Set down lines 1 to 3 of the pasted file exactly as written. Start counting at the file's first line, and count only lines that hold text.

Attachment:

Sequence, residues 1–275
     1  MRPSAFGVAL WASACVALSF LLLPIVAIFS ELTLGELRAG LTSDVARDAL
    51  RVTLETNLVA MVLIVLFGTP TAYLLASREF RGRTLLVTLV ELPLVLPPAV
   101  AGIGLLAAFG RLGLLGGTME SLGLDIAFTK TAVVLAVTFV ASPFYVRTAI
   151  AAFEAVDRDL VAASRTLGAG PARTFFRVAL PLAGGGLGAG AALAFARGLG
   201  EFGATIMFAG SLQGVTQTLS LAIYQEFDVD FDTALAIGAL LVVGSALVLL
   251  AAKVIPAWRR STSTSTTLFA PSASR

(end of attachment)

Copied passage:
Sequence, residues 1–275
     1  MRPSAFGVAL WASACVALSF LLLPIVAIFS ELTLGELRAG LTSDVARDAL
    51  RVTLETNLVA MVLIVLFGTP TAYLLASREF RGRTLLVTLV ELPLVLPPAV